T H E   R U B Y   S L I P P E R S   O F   O Z

A   T R I B U T E

by Francesca Myman

When I was a little girl, I devoured every Wizard of Oz book by L. Frank Baum, as well as the continuing series by Ruth Plumly Thompson. I checked the paperbacks out of the library so frequently that they finally donated me the ravaged copies. Oz was a kingdom full of wonders -- glass cats with fur of spun crystal, gnomes and word games, silliness and terrible phantasms. There was a certain emotional health and optimism about human nature in the books. They were "cosy." But they were also intelligent, complex stories with inventive characters, from Baum's terrifying and stern First and Foremost Phanfasm, to Plumly Thompson's bizarre and whimsical Curious Cottabus. (I shall never ask a series of questions again without thinking about the Curious Cottabus.)

I watched the movie, of course, and the ruby slippers were hypnotic, glistening and winking, bright red on a field of yellow brick screen. Much more visually appealing than the original silver slippers drawn by W.W. Denslow, with their little-girlish straps and flat bottoms. In the movie, with heels and sparkling sequins, they instantly became the epitome of magic and glamor. For Dorothy, a girl from drab Kansas, donning those sequined slippers was a way of entering a magical realm full of bright color -- and none of us could ever understand why she wanted to go back home.

A few years ago, I was rereading the Oz series, and everywhere I went I saw red shoes. There were sparkly red shoes in Target, of all places, but they were only in little girl's sizes. I sat down on the floor and tried them on while my friends waited with varying degrees of impatience. They watched me quizzically while I contorted into various unlikely positions and considered Cinderella's sisters' option -- lopping off a toe or two, or maybe a heel. The largest pair, a child's size four, was at least one adult size too small for me, even with my small-ish feet. The shoes were cheaply made -- just Mary-Jane flats with a little strap and red glitter pasted on -- but if I had found them when I was a child, and could still fit into them, I doubt I would ever have taken them off.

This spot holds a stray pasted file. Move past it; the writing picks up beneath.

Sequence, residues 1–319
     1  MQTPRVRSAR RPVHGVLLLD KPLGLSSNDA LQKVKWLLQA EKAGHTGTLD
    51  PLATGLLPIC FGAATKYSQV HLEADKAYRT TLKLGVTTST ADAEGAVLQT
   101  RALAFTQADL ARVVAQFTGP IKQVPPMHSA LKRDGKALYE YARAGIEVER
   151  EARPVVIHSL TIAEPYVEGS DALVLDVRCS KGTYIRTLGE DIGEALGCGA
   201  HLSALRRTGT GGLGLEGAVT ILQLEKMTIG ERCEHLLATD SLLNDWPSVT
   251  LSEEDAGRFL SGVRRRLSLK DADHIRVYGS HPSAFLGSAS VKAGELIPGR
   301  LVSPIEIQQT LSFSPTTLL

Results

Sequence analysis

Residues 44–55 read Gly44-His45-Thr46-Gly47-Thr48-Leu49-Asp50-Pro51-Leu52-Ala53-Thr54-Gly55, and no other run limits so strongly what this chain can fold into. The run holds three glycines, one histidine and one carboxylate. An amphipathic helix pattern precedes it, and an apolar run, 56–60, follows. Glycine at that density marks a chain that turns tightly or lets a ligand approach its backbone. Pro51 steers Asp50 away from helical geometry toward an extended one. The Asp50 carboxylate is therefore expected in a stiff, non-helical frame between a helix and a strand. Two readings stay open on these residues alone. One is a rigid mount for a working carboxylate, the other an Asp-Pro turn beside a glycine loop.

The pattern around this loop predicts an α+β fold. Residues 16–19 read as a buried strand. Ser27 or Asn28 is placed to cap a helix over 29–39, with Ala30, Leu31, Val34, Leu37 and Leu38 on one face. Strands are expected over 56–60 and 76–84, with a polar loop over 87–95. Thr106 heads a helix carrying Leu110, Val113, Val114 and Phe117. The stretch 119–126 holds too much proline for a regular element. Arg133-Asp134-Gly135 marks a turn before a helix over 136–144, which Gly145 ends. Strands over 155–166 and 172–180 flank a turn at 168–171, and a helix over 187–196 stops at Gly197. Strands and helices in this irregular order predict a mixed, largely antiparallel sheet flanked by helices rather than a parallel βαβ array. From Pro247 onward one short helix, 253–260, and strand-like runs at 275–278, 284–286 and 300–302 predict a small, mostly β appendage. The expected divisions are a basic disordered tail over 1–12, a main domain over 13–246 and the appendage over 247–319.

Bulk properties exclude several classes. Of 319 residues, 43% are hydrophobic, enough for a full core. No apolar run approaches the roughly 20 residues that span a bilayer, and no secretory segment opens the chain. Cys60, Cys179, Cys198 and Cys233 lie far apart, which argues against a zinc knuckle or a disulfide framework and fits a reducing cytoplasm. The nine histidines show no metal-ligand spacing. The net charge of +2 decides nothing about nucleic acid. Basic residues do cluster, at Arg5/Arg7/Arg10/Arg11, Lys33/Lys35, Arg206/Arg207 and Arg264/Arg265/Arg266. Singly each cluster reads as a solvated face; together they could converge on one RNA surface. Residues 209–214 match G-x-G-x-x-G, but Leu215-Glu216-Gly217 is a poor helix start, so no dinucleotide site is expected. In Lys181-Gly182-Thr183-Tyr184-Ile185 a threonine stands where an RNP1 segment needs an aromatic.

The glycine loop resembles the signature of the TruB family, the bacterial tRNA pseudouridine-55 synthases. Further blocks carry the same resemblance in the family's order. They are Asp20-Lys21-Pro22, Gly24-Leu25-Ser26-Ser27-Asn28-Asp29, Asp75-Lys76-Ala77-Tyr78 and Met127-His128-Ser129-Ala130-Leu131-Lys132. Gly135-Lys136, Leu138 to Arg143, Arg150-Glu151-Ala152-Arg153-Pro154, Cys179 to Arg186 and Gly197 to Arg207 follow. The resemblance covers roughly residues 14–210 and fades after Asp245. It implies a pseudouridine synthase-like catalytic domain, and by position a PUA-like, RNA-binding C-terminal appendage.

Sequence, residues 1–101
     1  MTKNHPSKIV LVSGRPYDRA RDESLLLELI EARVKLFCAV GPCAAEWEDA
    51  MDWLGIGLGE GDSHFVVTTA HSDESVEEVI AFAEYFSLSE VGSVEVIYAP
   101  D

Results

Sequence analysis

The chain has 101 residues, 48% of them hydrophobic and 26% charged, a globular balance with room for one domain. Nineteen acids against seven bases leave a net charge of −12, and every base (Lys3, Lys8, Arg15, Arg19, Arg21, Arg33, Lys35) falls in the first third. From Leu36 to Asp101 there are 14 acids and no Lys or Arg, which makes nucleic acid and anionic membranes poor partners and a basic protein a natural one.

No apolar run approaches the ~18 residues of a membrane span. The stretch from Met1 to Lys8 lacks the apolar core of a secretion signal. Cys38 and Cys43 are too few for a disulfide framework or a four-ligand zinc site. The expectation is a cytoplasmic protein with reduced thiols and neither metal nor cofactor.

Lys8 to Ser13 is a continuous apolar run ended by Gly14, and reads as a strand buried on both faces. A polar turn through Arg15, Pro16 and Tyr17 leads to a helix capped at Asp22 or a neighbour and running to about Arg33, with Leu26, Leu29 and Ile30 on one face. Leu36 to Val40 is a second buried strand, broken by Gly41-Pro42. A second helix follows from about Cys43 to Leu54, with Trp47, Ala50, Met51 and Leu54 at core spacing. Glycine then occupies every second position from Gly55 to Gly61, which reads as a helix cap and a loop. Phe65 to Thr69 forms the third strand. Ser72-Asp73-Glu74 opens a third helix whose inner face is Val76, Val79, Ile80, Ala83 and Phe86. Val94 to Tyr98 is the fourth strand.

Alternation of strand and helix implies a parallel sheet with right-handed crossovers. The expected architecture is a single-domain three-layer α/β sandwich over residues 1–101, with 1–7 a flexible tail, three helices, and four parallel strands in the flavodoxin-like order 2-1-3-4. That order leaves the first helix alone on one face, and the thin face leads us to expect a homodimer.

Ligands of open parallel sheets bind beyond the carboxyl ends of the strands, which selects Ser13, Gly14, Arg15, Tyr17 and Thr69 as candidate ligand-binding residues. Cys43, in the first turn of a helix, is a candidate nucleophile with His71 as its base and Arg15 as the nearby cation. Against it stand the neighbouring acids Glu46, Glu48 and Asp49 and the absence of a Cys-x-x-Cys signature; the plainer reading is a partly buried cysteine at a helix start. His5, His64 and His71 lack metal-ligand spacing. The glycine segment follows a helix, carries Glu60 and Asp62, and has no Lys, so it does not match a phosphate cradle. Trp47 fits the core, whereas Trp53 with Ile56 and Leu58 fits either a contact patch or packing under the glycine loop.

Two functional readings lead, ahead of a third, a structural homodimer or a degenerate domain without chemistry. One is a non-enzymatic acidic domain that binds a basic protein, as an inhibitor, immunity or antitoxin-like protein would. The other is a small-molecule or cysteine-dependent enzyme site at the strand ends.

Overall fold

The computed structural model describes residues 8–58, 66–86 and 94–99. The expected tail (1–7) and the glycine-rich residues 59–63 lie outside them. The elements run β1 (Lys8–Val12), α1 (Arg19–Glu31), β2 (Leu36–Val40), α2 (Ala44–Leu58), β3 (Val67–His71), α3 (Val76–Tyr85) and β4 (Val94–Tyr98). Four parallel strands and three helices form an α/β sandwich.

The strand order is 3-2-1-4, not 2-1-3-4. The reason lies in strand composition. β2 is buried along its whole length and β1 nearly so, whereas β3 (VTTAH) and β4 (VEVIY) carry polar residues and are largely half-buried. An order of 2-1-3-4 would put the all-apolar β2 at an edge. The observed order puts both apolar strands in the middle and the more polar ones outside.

The MGM movie was playing on Target's movie monitors, and I stopped, spellbound, and watched while my friends continued shopping. "I can't stand that Disney-ish stuff," a friend of mine said, and I was bewildered. I had never thought about it that way. I'd always identified with the Dorothy character, a candid dreamer -- she had a sense of wonder combined with a dash of no-nonsense Kansas farmgirl.

Later that year, my mother and I took a day off from visiting the University of Maryland campus to explore Washington DC. We were forced to take a detour around the city because of Earth Day demonstrations -- and there it was -- a sign on the side of the Library of Congress, advertising the traveling Wizard of Oz exhibition. There were no parking spaces, so I begged my mother to drop me off in front of the library and drive around the library till I re-emerged. "I'll be right back out," I said.

Two hours later I re-emerged, having seen some of the holiest treasures of the Ozian universe. My mother was perturbed, but I assured her I couldn't have helped myself -- I completely lost track of time. It was as if I had been transported to another universe. There was an original Baum manuscript, handwritten, with notes in the margin! And there were the ruby slippers in a glass case. Until that moment, I had no idea whether they'd be there. I stared at them, transfixed, for what must have been over half an hour, taking them in at different angles. They were falling apart. The transparent red sequins were worn and scuffed, but they still had the magic. And they still have that magic, for millions of other people. So, on this page I'll share a few of my "ruby slipper" finds and facts -- and you'll find references to other iconic red shoes here as well. Please enjoy, and don't forget, there's no place like home.